28            This court concludes, therefore, that the denial of the motion to suppress is reversed in part.  Upon remand, the trial court is directed to enter an order vacating the conviction for possessing drug paraphernalia and an order suppressing the marijuana pipe as evidence to be used in any subsequent prosecution for that charge along with any statements connected to that charge.  The conviction for OWI, second offense, is affirmed.

            By the Court.—Judgment and order affirmed in part; reversed in part and cause remanded with directions.


[1] This was originally a one-judge appeal and a brief on behalf of the State was filed by the district attorney.  After this case was made a three-judge appeal, the attorney general filed a supplemental brief.  Thus, in referring to the State’s arguments, we will note whether the argument comes from the attorney general or the district attorney.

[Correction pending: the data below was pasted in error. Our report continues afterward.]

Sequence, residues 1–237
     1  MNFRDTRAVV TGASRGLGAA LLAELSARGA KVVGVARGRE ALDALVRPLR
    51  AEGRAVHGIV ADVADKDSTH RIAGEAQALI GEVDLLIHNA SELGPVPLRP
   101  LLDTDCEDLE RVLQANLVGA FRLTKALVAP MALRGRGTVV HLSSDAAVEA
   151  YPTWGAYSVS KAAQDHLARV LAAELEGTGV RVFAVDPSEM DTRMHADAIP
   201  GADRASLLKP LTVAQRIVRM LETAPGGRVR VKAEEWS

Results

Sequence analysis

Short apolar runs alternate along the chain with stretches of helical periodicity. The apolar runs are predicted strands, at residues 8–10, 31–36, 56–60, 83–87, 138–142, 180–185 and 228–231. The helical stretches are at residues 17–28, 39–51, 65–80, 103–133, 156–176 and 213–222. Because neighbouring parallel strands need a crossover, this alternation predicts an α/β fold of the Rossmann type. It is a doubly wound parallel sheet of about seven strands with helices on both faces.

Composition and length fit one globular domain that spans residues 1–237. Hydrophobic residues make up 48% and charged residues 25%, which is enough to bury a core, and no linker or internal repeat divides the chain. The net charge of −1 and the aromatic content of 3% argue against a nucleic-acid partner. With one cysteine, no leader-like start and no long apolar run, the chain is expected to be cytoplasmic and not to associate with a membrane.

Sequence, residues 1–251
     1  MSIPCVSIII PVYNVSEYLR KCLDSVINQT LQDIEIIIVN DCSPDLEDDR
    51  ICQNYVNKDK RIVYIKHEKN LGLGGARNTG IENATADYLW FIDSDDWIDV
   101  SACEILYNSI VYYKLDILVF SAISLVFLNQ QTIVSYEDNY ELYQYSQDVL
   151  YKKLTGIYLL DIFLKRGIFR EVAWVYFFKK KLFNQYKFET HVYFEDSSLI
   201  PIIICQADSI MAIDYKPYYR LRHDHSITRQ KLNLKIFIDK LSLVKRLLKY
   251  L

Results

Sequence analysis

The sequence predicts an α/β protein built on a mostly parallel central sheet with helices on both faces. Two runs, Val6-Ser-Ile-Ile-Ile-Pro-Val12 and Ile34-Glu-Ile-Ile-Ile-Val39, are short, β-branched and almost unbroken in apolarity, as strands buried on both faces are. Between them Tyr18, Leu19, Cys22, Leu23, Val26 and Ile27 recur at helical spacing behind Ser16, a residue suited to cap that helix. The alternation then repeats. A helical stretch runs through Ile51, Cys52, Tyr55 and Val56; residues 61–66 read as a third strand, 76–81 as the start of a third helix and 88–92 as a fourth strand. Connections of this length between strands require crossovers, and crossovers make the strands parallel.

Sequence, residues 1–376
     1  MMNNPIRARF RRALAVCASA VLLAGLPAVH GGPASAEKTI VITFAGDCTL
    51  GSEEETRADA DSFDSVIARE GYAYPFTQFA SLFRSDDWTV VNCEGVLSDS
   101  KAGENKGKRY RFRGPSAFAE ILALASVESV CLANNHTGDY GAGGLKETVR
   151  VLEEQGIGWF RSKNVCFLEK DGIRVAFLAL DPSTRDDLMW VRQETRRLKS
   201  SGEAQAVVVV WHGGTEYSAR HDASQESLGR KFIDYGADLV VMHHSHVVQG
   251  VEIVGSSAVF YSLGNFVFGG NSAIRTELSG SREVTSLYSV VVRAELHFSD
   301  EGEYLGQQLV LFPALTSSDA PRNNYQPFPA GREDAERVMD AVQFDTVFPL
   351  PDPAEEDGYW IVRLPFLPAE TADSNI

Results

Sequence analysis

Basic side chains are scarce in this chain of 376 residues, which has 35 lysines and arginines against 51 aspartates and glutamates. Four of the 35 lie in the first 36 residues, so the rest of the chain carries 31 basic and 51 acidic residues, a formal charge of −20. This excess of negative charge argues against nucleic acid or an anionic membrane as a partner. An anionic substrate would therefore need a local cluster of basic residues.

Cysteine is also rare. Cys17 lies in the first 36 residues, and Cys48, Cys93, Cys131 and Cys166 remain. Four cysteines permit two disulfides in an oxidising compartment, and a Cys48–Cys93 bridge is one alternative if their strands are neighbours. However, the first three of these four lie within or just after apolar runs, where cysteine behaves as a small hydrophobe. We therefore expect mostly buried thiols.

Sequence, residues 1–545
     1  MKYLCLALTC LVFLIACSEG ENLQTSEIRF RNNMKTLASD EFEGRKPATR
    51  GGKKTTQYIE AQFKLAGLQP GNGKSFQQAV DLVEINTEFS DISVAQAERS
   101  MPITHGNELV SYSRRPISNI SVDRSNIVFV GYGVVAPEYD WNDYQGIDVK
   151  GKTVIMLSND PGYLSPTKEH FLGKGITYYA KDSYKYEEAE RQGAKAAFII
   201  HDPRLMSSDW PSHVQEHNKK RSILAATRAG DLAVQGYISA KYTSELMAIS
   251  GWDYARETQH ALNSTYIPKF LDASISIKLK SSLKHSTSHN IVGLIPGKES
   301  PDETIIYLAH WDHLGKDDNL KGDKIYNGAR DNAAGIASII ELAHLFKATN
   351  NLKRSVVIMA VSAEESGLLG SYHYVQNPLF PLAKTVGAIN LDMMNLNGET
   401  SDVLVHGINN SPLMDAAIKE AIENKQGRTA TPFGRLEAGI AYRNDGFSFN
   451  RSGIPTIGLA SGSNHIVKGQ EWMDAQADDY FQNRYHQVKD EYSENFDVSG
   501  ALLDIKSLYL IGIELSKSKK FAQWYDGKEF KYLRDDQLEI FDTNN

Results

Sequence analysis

[2]  Judge Arnold K. Schumann heard and decided the motion to suppress.  Judge Mark S. Gempeler presided at the change of plea hearing and sentencing.

[3]  Terry v. Ohio, 392 U.S. 1, 24 (1968).

[4]  Miranda v. Arizona, 384 U.S. 436 (1966).

[5]  The attorney general cites to language in State v. Mata, 230 Wis. 2d 567, 574, 602 N.W.2d 158 (Ct. App. 1999), for the proposition that an officer’s subjective reasons for a search or arrest are irrelevant to the validity of the search or arrest.  Actually, the circumstances in Mata reinforce the point we are making.  In Mata, we held that so long as a police officer has probable cause, it does not matter whether, at the time of the search, the officer thinks he or she is searching pursuant to a limited Terry frisk or incident to arrest.  Mata, 230 Wis. 2d at 574.  In that case, the officer had probable cause from the moment he smelled marijuana emanating from the car.  Id. at 572-73.  The central point, for purposes of our discussion, is that from the moment he had probable cause, the officer in Mata conducted himself the way a reasonable officer would in the course of making an arrest, including gathering evidence to support the arrest.